Is It Better To Pay Off Your Mortgage or Contribute To Your RRSP?

by Pam on November 19, 2009

should I pay off my mortgage or contribute to RRSPs?This is an age-old question and after doing some research on the subject, I have discovered that there are a lot of differing opinions out there.  Some say you should pay off all your debt before contributing to an RRSP, while others suggest making RRSP contributions when you are young and then focusing on paying down your mortgage when you are older.

The answer to this question, however, really depends on you and your own personal comfort with debt.  There are a lot of people out there who absolutely despise being in debt and will do everything in their power to get out of debt, while others are okay with being in debt, at least to a certain extent.

When considering what to do, it’s a good idea to talk to a tax specialist and/or a financial planner.  Sometimes people end up doing ridiculous things in order to avoid paying tax, so it’s important to consider all aspects rather than simply focusing on reducing the amount of tax you pay.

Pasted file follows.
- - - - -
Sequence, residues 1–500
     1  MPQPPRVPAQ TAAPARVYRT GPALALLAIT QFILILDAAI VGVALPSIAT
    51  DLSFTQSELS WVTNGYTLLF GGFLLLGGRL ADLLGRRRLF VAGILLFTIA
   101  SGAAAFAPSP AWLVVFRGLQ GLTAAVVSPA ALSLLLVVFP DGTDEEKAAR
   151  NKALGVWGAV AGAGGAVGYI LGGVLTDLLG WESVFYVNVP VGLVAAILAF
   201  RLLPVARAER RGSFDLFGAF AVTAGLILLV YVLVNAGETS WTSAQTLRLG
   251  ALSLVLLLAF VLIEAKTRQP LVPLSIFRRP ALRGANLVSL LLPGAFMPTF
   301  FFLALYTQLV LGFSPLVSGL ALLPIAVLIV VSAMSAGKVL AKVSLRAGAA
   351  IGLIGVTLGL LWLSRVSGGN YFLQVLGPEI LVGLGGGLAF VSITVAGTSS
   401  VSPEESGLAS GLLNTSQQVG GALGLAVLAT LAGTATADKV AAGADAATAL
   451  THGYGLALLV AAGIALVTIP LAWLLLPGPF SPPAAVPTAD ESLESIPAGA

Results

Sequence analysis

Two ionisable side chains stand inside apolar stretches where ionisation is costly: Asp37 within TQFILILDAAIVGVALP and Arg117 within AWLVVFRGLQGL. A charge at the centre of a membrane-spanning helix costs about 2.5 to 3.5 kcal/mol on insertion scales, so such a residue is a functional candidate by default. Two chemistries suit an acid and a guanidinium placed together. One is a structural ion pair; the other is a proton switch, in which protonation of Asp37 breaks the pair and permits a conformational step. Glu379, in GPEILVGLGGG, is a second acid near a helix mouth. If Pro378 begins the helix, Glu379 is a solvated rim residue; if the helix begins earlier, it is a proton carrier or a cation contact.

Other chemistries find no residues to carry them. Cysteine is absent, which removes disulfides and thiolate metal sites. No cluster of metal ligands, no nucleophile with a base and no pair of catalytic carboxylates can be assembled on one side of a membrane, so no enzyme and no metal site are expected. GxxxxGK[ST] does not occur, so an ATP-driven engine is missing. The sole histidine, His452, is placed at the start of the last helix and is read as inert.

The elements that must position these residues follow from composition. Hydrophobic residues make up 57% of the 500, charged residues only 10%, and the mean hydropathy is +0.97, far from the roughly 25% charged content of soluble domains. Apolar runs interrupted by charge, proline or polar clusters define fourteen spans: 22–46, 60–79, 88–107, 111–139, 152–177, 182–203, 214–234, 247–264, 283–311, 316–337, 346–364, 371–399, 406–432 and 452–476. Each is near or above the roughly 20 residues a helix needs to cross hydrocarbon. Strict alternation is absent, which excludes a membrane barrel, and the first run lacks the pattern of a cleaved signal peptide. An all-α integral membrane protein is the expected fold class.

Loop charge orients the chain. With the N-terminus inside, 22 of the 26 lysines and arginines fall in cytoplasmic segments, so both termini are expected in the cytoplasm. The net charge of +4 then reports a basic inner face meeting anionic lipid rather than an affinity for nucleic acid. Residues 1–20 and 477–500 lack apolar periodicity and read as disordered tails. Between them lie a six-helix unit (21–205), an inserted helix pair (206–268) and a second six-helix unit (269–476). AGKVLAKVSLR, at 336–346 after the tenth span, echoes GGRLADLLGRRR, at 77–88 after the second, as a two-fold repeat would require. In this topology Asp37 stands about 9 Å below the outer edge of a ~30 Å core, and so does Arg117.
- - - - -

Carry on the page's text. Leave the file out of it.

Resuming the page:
Some specific things to consider when choosing between saving for retirement and paying off your mortgage include your age, current tax bracket, investment returns, mortgage interest rate, and whether or not you have a pension plan.

After skimming through several articles on this subject, I noticed that most people suggest doing both.  That way you will feel as if you are getting somewhere, since simply paying down debt is supposedly not as psychologically satisfying.  Another opinion I stumbled upon was that it’s better to pay off your mortgage first if your mortgage interest rate is equal to or higher than your RRSP’s rate of return.

It really all boils down to what you deem is most important for your own personal situation.  If you want to read chartered accountant David Trahair’s opinion on why you should pay off your mortgage before contributing to an RRSP, check out this link.

If you have come across some extra money due to an inheritance, etc., I would encourage you to do your own research prior to making a decision.  There are pros and cons to both sides and it may be wise to do both simultaneously.  As the saying goes, it’s not a good idea to put all your eggs in one basket.  On the other hand, sometimes it makes the most financial sense to choose one over the other.

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